What was he feeling? Thinking?
We will never know for sure. After Adam Lanza slaughtered 26 people Friday at Sandy Hook Elementary School in Newtown, Conn., he killed himself — and took his thoughts and emotions with him.
Twenty of his victims were children, all of them first-graders who had never done a thing to him. What was in his heart and going through his mind while he fired the bullets that fell on them like hailstones from hell?
That’s what it was for Jamie Rouse. Nothing.
On Nov. 15, 1995, when he was 17 years old, Jamie carried his Remington Viper .22-caliber semiautomatic rifle into Richland High School in Lynnville, Tenn., and shot two teachers and a student. One of the teachers died. So did the student, who had just turned 14.
In 1999, I interviewed Jamie for 30 hours over several days in the South Central Correctional Center, a penitentiary just outside Clifton, Tenn. The interviews were for a story in The Los Angeles Times, published April 22, 2000. It told what school shootings are like, not for the victims but for the shooters and their families.
“I don’t remember feeling angry,” Jamie told me. “I wasn’t feeling nothing. Like I said, I don’t remember feeling anything. Period. Empty. Hollow. … It was kind of a dream. I think another way to describe it is like watching a movie. I mean, it wasn’t an out-of-body experience. But it was just like I was there to observe. I was just observing things, not an active participant.”
Teachers and students wrestled Jamie to the floor and grabbed his rifle. A deputy sheriff arrested him. It was not until then that he felt or thought. “They had me in a little juvenile holding cell, and the TV was on in a back room somewhere. I could hear it. That’s when I first felt anything. When they explained what happened at the school, I was just — ‘My God, what have I done?’”
Jamie had started hallucinating when he was 6 or 7. “I remember seeing something kind of go through the hallway, and I go back, and there wasn’t nothing there. It was like a shadow. I always felt a little bit like it was a ghost.” At about the same time, he began having panic attacks. “I’d wake up and I would pace the floor in the living room. But I would not realize what I had done until morning.”
When he was 8, he started hearing things. “There was voices whispering among themselves. You couldn’t really understand what they was saying.”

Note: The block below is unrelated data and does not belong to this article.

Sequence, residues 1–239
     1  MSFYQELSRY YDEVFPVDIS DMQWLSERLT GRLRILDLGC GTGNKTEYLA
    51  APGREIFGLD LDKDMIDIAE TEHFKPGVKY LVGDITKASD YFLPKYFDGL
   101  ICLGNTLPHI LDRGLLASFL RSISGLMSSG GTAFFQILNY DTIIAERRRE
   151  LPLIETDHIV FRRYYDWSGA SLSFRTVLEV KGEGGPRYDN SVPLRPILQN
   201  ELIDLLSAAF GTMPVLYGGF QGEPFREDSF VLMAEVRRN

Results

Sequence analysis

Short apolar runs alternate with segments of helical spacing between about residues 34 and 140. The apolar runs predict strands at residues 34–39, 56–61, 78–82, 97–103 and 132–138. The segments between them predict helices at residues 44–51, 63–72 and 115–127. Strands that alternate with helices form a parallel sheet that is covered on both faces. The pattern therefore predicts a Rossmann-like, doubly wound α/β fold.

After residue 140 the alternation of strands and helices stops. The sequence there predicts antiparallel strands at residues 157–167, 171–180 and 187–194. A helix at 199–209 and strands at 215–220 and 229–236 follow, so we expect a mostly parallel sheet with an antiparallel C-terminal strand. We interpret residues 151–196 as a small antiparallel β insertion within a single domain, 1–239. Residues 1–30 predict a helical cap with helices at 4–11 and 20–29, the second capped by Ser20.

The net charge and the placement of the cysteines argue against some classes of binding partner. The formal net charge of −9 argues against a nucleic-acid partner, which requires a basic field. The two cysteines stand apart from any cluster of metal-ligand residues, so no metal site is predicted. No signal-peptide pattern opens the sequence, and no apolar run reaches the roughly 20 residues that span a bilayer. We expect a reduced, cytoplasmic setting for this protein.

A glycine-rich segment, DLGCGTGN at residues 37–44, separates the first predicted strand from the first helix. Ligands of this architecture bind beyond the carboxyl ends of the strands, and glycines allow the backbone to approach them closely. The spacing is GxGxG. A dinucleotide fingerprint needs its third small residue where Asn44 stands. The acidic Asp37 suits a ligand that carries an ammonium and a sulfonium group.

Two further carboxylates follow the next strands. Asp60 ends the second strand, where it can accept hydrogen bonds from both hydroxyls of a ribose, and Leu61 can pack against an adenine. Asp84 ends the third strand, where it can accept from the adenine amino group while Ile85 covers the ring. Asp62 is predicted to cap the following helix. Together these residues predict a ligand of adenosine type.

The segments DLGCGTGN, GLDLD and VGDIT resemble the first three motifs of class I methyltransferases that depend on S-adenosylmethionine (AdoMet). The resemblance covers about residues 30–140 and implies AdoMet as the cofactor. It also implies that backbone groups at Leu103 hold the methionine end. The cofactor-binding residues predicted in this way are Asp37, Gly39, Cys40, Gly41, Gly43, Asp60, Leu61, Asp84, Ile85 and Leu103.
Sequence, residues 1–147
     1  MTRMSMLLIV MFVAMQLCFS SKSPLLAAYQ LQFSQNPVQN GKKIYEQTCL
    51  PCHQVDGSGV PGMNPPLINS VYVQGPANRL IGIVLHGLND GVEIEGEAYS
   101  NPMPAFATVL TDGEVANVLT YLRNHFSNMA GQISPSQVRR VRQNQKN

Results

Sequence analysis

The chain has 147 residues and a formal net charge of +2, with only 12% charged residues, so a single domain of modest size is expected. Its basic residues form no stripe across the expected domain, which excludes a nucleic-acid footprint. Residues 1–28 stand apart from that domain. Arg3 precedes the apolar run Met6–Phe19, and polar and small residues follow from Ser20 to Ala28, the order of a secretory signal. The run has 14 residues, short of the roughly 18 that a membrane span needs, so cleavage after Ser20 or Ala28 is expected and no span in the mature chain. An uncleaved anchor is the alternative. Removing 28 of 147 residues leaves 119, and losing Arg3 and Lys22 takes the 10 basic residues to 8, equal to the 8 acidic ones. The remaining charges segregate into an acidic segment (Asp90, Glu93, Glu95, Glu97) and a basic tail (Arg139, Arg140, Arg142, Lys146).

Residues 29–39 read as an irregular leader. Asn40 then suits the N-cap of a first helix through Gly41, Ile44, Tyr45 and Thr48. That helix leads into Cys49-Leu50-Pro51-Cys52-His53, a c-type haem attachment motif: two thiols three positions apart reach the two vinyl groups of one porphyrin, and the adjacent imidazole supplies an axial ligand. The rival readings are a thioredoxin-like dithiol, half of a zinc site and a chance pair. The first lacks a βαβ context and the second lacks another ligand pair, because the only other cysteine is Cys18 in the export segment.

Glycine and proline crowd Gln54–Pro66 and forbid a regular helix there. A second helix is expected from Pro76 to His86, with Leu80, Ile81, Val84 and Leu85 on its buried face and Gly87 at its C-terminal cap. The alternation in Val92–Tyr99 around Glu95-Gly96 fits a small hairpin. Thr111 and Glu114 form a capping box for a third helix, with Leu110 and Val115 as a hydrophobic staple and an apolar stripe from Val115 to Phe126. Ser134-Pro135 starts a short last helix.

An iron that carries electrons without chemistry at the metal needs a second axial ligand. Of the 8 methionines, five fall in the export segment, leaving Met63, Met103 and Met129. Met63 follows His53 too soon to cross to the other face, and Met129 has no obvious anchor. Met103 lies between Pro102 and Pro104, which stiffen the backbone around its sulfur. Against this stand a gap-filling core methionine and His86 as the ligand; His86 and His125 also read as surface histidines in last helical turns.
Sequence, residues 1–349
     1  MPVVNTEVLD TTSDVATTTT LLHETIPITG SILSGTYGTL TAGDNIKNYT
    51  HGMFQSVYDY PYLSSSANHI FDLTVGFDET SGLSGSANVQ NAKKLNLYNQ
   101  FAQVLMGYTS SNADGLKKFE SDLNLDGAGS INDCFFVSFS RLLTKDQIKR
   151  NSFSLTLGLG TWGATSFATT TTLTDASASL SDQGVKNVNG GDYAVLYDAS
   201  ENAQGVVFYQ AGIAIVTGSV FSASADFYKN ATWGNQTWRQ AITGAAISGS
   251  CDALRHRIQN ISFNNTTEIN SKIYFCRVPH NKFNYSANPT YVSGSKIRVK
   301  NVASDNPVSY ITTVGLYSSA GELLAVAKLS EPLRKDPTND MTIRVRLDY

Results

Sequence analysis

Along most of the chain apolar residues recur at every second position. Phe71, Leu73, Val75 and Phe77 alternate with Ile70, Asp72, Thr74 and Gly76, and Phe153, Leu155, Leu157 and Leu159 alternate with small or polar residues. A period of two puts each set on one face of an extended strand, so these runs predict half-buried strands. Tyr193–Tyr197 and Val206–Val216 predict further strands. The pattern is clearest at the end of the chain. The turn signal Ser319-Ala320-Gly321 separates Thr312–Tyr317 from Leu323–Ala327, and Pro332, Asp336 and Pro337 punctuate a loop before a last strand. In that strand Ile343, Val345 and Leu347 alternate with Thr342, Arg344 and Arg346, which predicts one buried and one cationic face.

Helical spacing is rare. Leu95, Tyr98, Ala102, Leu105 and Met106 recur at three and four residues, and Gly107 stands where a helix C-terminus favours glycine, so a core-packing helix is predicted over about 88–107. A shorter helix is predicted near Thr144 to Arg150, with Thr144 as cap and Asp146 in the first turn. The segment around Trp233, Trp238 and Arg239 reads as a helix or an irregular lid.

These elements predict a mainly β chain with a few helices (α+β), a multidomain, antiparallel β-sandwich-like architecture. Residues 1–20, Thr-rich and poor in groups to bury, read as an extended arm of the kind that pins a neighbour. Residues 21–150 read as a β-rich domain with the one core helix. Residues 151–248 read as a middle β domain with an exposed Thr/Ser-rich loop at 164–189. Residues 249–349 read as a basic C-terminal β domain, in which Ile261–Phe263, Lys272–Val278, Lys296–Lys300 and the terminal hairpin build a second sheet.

Anger was a family trait. His grandfather and father got so mad they blacked out. Jamie’s father drank, used drugs and punched holes in walls. He once shot the family cats for eating some of his Kentucky Fried Chicken. He whipped Jamie with a belt and hit him and his two brothers with a wooden paddle two feet long.
On one occasion, Jamie responded by kicking a doghouse apart. On another, he beat a tree with his fists until they were bloody. One night, fearing another strapping, Jamie took a sword to bed with him and vowed to use it to defend himself. Fortunately, his father stayed out of Jamie’s room that night.
Once, when he was a teenager, Jamie grew upset with one of his brothers. He loaded the Viper and pointed at him. Jamie’s mother told him to hand her the rifle. When his father got home, he said that Jamie could no longer have the gun — but then he returned it when Jamie wanted to go hunting. What had stopped Jamie from pulling the trigger? “I don’t know,” he said, when I interviewed him. “That was the main time I thought I had a problem.”
Did he think of asking for help?
“No. I didn’t figure there was anybody who could help me.”
In school, Jamie was shy and withdrawn. He walked with his head down and spoke without looking anyone in the eye. “I couldn’t relate to anybody, even my best friends,” he told me. “I really didn’t fit in.” He trusted no one. “I couldn’t see no future whatsoever. I just had a hopeless feeling.”
He listened to heavy metal music, then death metal. He began wearing black. He carved an inverted cross into his forehead with a pocketknife and signed “Satan” to his senior yearbook message.
“I wanted to be my own god. I wanted to be in control of my life.”
But he wasn’t. One of his cars would not run. He wrecked another. A third was in the shop much of the time. He got four traffic tickets, and his driver’s license was suspended, then restricted.
“I tucked it in. … Everything that would bother me, I would just stuff it in,” until one day he accidentally backed his father’s pickup into a car and argued with its owner’s girlfriend. “I was already at a dangerous level … and when I got into it with (her), that was the straw that broke the camel’s back.”
Jamie tucked it in — until he walked into Richland school with the Viper.
“I was faithless and messed up. Too many emotions. I mean, it was too much. Too many different extremes of emotion. I was under too much stress. I had too much anger.”
How would he describe himself?
Did Jamie need mental health counseling? Absolutely. Did he get any? No.
Although we will never know what Adam Lanza was feeling as he fired his weapon, we can be sure of one thing: Like Jamie Rouse, he needed help that he didn’t get. He was only three years older than Jamie when he inflicted his hell. By many accounts, Lanza had behavioral problems too. Until we improve our ability to help people, especially young people, who are mentally disturbed, we will continue to pay a heavy price.
In lives. Sometimes the lives of 6-year-olds.
“It was too late for me,” Jamie said. “It was just too late.”
Richard E. Meyer is a former Los Angeles Times staff writer.